[View larger version of this image (16 K GIF file)]


Table 1. E-selectin and capillaroscopic parameters (ectasia and deletion score) between disease subset and disease duration.

[View larger version of this image (24 K GIF file)]


Discussion

In this study we have determined the levels of E-selectin in serum samples from patients with systemic sclerosis to investigate a possible correlation with disease subset and with capillaroscopic abnormalities. Capillaroscopy has been reported to be useful not only for early diagnosis, but also for activity evaluation (18). Patients with diffuse disease tended to present higher serum E-selectin levels than those with limited disease, a fact that was more evident in patients within the first 48 months of disease. This result agrees with reports suggesting that this adhesion molecule could reflect disease severity in systemic sclerosis (4). This observation also agrees with the view that diffuse disease may be associated with extensive endothelial activation as compared to a restricted panorama in limited disease. If this is correct, the study of a larger number of patients would be expected to statistically demonstrate our observed trend in serum E-selectin levels between diffuse and limited systemic sclerosis.

The most specific and prevalent capillaroscopic abnormalities of the disease are ectasia and deletion. The deletion score was correlated to E-selectin levels, but ectasia was not, suggesting that E-selectin is associated with more severe disease.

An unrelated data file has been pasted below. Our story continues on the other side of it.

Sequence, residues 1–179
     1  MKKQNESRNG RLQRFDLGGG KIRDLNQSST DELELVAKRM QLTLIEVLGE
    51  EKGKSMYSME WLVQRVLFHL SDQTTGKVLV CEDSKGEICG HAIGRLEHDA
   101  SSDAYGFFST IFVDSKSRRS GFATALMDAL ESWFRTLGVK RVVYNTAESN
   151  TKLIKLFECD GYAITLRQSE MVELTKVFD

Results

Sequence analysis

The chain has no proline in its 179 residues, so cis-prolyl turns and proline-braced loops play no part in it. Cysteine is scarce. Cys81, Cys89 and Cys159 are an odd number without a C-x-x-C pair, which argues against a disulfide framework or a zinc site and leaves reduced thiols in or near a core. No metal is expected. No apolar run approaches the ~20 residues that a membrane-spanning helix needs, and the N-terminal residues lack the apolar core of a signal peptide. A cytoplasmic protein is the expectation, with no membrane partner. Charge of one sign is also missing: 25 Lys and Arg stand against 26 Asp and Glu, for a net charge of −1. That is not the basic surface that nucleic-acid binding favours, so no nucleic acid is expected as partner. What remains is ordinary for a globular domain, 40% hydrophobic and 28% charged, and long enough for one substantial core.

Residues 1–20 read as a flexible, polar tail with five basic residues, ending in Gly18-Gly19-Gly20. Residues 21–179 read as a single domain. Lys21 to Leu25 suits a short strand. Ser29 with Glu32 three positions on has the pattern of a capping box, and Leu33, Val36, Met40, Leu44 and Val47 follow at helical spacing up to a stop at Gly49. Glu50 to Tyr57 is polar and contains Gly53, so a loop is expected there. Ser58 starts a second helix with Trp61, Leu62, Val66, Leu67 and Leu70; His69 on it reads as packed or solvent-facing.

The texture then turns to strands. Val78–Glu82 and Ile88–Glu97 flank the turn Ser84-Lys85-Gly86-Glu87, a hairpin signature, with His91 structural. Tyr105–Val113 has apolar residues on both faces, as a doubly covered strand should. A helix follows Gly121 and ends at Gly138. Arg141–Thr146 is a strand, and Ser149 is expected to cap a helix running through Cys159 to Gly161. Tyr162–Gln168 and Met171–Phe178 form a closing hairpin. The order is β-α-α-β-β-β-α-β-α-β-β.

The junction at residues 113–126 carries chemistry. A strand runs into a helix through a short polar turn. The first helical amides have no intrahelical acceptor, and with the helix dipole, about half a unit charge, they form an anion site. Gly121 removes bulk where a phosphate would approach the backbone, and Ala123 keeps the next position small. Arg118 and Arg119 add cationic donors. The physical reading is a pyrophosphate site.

An interesting observation was that the correlation between deletion capillaroscopic score and serum E-selectin levels increased from 50 to 63% when considering all patients and only patients within the first 4 years of diagnosis, respectively. This observation probably reflects the fact that elevated serum levels of soluble adhesion molecules are predominantly observed in the early inflammatory stages of systemic sclerosis (19,20). Since the capillaroscopic abnormalities of systemic sclerosis are structural, and therefore irreversible, in an advanced disease stage, patients with long-standing disease deletion might not present current endothelial inflammatory disease and may be considered to be merely a sequel of the disease. Thus, it seems reasonable that the capillaroscopic abnormalities observed in the first years of disease should be more closely correlated with current disease activity. In view of the variability of the data, it is very likely that a study with more patients would show statistical significance in the levels of selectin between the diffuse and limited forms of the disease. However, the present data are relevant because this is the first study showing a correlation between soluble serum E-selectin levels and alterations in capillaroscopy.

The stronger correlation with deletion score in capillaroscopy in early disease suggests that serum E-selectin levels might be a useful biochemical marker of disease activity in systemic sclerosis.


References

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3. Kiener H, Graninger K, Machold M, Aringer M & Graninger WB (1994). Increased levels of circulating intercellular adhesion molecule-1 in patients with systemic sclerosis. Clinical and Experimental Rheumatology, 12: 483-487.        [ Links ]